The Effects of Temporal Action-Sound Congruence on Evaluations of Conductor Quality

Cory D. Meals, Steven J. Morrison, Deborah A. Confredo

Research output: Contribution to journalArticle

4 Scopus citations


Vision serves a fundamental role in the human experience of musical performance. In conducting, this particular heuristic influences both expressive and coordinative aspects of musical activity. Ensemble conductors present a special case of musical gesture, as their activities are coordinative rather than directly sound-producing. While the influence of vision on evaluations of musical expressivity has been well studied, less attention has been paid to the temporal aspect of conductors’ gestures. Given anecdotal observations of a flexibly congruent relationship between conductor gesture and ensemble response and the ability of entrainment to promote preference, we theorize that alterations to natural action-sound congruence in conductor-to-ensemble settings may influence evaluations of conductor quality. Naturalistic performance video of five conductors was left intact or adjusted to an audio- or video-lead condition by a percentage of each excerpt tempo (intact, ±15%, ±30%) and fully crossed into stimuli orders. Participants were asked to rate the quality of the conductor, the ensemble, and the performance overall using a Likert-type scale bound by “poor” and “excellent.” Our results indicate that any offset, whether audio- or video-led, resulted in a lower level of conductor quality than intact, unaltered performance. While our effect size was small (ηp2 = .02), participant ratings reinforce the role of action-sound congruence on observers’ perceptions and overall evaluation of conductors’ activities.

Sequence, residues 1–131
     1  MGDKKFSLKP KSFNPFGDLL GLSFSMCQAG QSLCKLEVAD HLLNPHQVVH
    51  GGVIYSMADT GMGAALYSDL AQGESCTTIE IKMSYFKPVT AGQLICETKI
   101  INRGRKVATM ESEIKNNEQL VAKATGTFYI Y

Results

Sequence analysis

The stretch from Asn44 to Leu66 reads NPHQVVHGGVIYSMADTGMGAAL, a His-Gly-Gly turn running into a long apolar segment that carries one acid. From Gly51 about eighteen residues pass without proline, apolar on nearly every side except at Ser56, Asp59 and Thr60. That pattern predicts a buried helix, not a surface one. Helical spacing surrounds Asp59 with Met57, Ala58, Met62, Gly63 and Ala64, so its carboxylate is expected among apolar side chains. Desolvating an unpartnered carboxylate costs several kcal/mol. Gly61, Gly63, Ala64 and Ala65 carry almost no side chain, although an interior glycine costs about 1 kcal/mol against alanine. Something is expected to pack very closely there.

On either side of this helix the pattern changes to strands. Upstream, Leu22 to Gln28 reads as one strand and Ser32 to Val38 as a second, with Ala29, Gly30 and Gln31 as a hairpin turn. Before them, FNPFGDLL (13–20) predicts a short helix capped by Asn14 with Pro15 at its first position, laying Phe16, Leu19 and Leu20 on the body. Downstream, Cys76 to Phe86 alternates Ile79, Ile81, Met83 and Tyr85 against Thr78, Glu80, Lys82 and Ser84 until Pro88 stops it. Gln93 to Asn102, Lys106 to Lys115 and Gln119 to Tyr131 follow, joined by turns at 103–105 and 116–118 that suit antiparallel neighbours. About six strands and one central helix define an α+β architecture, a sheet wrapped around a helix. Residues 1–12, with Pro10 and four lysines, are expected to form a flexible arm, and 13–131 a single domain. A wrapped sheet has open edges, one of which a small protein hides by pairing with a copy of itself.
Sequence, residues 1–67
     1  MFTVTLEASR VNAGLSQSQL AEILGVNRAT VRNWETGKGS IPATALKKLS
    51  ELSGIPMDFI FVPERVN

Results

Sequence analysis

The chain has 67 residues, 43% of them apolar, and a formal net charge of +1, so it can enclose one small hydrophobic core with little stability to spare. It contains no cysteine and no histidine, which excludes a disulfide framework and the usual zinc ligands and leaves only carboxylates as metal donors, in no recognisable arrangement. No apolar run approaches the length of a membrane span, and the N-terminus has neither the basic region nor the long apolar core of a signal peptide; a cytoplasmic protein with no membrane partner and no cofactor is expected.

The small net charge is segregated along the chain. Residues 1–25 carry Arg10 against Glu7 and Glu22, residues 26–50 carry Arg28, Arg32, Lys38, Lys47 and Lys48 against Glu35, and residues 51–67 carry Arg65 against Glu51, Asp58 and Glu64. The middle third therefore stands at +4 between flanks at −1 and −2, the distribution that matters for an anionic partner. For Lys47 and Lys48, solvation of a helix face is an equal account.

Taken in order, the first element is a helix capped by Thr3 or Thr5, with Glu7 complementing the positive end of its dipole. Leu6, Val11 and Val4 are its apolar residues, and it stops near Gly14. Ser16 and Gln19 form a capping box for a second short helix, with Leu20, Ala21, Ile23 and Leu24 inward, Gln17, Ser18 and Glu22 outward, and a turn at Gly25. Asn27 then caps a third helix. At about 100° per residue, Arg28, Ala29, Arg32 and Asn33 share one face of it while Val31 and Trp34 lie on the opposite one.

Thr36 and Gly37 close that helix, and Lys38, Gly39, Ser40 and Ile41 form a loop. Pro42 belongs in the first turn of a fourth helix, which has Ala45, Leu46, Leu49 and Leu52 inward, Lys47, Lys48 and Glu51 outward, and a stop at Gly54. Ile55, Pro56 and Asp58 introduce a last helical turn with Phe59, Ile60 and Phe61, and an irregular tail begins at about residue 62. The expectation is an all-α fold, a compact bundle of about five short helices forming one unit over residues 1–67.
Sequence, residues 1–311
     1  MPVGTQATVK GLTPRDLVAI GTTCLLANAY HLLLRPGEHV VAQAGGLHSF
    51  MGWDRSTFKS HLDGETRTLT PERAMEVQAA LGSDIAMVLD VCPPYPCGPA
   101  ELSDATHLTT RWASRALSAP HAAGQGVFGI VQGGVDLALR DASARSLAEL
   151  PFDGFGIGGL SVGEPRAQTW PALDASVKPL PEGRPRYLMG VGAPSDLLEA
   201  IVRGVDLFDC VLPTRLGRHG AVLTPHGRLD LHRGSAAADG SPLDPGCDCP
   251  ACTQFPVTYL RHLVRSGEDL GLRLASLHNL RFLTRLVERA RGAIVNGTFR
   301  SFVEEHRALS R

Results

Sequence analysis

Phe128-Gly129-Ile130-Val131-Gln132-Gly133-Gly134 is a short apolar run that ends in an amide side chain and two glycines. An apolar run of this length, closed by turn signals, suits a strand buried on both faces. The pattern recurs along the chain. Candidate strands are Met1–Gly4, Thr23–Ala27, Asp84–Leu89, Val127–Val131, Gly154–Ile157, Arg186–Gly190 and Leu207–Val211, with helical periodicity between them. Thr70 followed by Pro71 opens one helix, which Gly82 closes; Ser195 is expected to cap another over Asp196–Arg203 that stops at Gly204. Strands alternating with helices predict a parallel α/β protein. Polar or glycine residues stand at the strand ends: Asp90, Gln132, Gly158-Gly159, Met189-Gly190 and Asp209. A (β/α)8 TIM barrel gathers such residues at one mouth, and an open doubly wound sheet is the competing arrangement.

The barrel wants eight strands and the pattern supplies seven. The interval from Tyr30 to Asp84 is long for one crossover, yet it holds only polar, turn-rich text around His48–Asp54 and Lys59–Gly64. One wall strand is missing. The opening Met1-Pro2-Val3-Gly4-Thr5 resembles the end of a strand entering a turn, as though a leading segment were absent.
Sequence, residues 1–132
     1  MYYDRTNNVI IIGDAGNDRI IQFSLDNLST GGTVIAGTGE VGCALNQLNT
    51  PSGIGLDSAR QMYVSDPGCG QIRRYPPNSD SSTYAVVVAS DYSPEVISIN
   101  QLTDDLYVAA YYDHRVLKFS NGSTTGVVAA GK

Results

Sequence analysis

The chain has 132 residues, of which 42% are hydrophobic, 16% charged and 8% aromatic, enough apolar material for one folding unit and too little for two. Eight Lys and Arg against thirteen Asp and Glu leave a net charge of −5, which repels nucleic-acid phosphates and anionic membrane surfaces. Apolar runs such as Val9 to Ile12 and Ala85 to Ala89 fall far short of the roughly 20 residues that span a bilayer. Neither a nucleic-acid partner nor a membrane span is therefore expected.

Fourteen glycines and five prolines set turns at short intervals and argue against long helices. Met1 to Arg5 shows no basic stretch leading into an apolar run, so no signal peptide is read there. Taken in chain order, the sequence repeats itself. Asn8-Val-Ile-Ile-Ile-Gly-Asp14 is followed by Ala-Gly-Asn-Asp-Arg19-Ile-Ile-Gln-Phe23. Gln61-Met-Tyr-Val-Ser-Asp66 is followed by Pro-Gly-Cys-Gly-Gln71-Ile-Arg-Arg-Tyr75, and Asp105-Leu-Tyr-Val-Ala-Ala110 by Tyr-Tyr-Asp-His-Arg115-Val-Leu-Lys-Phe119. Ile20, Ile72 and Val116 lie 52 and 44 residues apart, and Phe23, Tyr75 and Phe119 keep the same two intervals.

Original languageEnglish (US)
JournalMusic & Science
StatePublished - Jan 1 2019


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